It starts by making a plan.
As Election Day approaches, candidates in races across the country will be doing everything they can to get out the vote – including turning to behavioral science.
Meant to be a relatively tame "town hall"-style encounter, the second-round debate was one of the grisliest moments of an already ugly campaign.
Richard Di Natale, Barnaby Joyce and Joel Fitzgibbon walk together ahead of the regional leader’s debate in Goulburn.
Twitter/Richard Di Natale
The election campaign’s day 17 notably belonged to Barnaby Joyce, and not just for the package of concessional loans he announced for struggling dairy farmers. For light relief, the day delivered another…
Malcolm Turnbull and Bill Shorten showed they differ on a number of policy positions, but both kept the tone of the debate civil and free from “gotcha"s and gaffes.
Sky TV’s people’s forum on the evening of last Friday gave us something refreshingly different from recent federal election campaigns: a civil discourse between the two main political leaders. Perhaps…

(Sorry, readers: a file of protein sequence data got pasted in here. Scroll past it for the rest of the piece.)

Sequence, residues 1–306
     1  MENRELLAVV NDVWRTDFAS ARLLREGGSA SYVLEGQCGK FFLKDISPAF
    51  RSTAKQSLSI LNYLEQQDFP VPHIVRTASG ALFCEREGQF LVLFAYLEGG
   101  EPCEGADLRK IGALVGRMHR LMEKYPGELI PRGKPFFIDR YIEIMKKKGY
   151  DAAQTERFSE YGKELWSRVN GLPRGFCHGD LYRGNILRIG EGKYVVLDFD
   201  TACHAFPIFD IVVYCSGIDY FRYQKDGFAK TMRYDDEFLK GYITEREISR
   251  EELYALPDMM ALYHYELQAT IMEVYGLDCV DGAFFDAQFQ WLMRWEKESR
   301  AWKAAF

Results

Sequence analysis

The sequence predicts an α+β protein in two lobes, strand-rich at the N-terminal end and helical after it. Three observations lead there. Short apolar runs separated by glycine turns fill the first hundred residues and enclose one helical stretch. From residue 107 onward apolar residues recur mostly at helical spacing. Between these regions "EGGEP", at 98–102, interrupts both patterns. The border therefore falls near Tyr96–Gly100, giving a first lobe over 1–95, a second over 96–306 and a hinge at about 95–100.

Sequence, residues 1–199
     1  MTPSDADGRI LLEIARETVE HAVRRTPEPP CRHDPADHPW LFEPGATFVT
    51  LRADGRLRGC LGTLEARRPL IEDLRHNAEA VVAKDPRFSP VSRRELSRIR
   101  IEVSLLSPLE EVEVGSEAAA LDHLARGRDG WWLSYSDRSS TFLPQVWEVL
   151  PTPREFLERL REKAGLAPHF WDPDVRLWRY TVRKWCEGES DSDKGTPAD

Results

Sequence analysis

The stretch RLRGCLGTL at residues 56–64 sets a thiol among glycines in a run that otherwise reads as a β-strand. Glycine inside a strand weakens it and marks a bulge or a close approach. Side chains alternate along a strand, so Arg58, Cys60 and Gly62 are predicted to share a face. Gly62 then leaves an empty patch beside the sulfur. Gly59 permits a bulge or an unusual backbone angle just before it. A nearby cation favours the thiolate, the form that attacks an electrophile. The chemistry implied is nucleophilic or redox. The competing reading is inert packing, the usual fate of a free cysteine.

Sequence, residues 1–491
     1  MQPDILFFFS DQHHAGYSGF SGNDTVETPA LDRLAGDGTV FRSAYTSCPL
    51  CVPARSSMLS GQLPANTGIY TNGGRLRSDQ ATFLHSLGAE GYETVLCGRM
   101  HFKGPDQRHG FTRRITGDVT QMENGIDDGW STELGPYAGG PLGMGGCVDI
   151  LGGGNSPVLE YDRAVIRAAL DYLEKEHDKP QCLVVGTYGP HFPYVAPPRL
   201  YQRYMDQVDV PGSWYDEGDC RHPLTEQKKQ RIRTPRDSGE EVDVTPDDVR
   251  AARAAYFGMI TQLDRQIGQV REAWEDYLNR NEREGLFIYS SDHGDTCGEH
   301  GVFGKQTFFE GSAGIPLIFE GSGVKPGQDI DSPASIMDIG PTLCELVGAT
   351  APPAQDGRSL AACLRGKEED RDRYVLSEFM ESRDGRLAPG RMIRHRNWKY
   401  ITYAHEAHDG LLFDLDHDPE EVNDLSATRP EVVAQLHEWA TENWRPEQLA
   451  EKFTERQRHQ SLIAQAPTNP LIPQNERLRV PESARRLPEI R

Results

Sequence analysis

Britain’s true colours.
Politicians should cut the language deficit for the sake of voters.
Stefan Rousseau/PA Wire.
Entertaining? Hell yes!
There's not much to be gained for major party leaders, but small parties have all to play for.
Sorry Ed, Paxman was the real star of the show.
Stefan Rousseau/PA Wire
Jeremy Paxman might be a bully, but his confrontational style makes for a great show.
David Cameron faces a grilling from Paxman.
In their first TV appearance of the election campaign, both party leaders took tough questions from Jeremy Paxman.
Broadcasters have threatened to ‘empty chair’ David Cameron.
Pedro Moura Pinheiro
Common sense tells us that an election debate comes with dangers for the incumbent, but that's no excuse not to participate.